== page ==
There is a troubling notion floating around out there that the Democratic victory was a vote for withdrawal from Iraq. It was not. Many people, myself included, voted Democratic because of the frustration over the lack of progress in Iraq and the apparent blindness of the Administration to the growing problems there. But if we withdraw now, and civil war ensues, and we create the world's most violent haven for terrorists, the consequences will be catastrphic -- for Iraqis, for Americans, for the world. The Democratic Party will destroy itself if it thinks such an outcome is palatable.

(JohnBai3030, in the interest of fairness, I will happily post any reply on the main blog.)

1 Comments:

Blogger Johnbai3030 said...

No need to post any rebuttal on the main blog page. I'm just flattered that you posted my argument. Now... as to why your response is entirely wrong ;) ...

As for your first argument, that we've already spent more than we can recoup in oil: It's not about America's overall gain or debit. It's about who started out with the money and who wound up with the money. Yes we've spent ridiculous amounts of tax money on the war, but who has profiteered from that expenditure? Has Haliburton lost any money? No. It's similar to the Medicare Part D legislation. They found a compelling reason (meds are too expensive) to funnel billions from the Federal tax coffers directly to the vaults of the pharmaceutical companies.

If the war results in billions going from Federal tax income and being redistributed to war profiteering companies like Haliburton (who stand to make even greater profits if they can eventually build and maintain oil wells and refineries in Iraq)then the war is a success in the corporate-influenced, greed-driven Neocon world. It doesn't matter that America loses financially in the end, or that hundreds of thousands of human beings died to achieve those ends... all that matters is that the corporations that financed GW's campaign make out like bandits.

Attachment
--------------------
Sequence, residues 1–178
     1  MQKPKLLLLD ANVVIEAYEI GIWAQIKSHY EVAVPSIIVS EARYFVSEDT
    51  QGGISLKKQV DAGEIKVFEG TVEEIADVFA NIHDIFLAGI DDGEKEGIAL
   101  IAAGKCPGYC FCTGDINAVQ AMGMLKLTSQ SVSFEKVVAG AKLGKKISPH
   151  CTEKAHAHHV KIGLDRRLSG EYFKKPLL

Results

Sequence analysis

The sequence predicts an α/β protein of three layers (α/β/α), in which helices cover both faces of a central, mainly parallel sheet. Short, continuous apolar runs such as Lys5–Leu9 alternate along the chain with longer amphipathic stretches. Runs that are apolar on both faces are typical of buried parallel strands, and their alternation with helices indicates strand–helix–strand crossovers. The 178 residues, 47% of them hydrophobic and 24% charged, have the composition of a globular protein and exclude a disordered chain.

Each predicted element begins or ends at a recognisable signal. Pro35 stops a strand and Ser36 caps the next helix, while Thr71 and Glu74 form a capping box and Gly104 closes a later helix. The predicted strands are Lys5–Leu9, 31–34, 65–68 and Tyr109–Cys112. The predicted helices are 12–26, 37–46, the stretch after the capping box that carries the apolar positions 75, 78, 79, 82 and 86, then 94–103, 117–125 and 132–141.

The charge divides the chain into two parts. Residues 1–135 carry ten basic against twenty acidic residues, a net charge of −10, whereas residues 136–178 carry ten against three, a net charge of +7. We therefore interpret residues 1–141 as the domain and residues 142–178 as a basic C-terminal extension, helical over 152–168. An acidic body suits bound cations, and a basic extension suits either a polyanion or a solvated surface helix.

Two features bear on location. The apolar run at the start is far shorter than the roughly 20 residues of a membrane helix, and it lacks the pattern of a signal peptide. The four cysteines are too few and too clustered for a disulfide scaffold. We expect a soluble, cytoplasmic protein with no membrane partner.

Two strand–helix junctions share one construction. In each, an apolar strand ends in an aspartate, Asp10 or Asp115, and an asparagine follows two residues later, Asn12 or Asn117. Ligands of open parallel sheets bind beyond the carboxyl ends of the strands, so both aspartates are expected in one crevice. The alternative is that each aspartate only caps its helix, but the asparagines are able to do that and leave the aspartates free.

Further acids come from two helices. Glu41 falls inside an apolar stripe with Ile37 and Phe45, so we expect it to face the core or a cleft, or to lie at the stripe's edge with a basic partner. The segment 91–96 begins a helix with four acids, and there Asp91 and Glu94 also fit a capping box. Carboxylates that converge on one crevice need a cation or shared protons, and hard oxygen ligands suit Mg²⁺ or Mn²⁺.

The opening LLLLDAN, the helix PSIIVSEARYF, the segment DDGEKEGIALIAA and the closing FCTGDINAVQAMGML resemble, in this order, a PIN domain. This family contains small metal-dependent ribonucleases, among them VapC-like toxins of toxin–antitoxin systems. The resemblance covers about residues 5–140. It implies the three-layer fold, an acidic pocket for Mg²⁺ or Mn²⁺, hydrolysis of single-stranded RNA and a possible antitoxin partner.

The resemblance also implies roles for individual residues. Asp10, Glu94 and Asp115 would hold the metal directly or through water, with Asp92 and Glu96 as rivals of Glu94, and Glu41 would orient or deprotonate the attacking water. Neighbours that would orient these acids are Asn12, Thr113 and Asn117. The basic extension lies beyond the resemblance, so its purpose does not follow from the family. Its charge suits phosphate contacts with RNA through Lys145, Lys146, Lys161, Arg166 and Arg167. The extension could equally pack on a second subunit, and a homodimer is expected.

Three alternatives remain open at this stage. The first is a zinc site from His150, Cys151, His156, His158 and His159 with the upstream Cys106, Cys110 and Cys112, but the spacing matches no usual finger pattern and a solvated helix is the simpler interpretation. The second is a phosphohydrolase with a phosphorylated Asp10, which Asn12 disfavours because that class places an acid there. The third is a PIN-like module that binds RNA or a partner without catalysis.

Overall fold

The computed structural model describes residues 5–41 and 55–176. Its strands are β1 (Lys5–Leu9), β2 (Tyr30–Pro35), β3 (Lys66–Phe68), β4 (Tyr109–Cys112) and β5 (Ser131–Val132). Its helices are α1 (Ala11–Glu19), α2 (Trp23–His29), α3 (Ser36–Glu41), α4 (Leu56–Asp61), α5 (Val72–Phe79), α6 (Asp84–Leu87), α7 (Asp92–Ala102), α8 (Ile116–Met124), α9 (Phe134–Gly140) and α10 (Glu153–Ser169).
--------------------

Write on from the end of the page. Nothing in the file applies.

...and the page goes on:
It sounds like you actually buy the party line that we are building a safer world and spreading democracy because it's the right thing to do... that we we're actually concerned about those Kurds getting gassed, or about those Kuwaitis that got annexed. If there's anything moral or highminded about our use of the military, why the fuck have we done nothing to stop various genocides in Africa? Why the fuck did we sell Iraq the WMD's it needed to gas Kurds or invade Kuwait? Why do Hollywood celebrities care more about Darfur than our Executive department?

But maybe I've missed your point. You say that the neocons are nakedly transparent about their motives... what exactly are they? To prevent safe havens for terrorists? WTF?! Every freakin' Muslim country in the world is becoming a safe haven since we began this unprovoked war. Pakistan was supposedly providing shelter for Osama. If anything, we are galvanizing a Muslim world (which was once ineffectual and fractured) with a unified hatred of our ugly oppressing asses. Polls show that something like 80% of Iraqis want us out of their country. What is the history and success rate of the US propping up governments in decimated or third world countries?

I will concede this:
I'm very unused to voting for winning candidates. I know why I actually bothered to vote in this election, but you probably have your finger more on the pulse of the general public. I feel very strongly that the war should end now. But it's an easy trap to assume that everyone voted for the same reason you did. Perhaps the American public does want to see an escalation in the number of troops sent to Iraq. I don't know.

I think it would be a terrible mistake, and would be the next step toward creating a mini-Viet Nam situation. And I'm sure they've already done a cost-analysis and figured out if that's ultimately profitable or not.

11:24 AM